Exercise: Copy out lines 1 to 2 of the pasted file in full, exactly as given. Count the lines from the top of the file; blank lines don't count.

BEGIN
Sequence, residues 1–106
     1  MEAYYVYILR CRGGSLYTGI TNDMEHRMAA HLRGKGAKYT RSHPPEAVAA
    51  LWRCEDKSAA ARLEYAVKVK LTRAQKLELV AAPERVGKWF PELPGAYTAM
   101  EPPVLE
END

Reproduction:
Sequence, residues 1–106
     1  MEAYYVYILR CRGGSLYTGI TNDMEHRMAA HLRGKGAKYT RSHPPEAVAA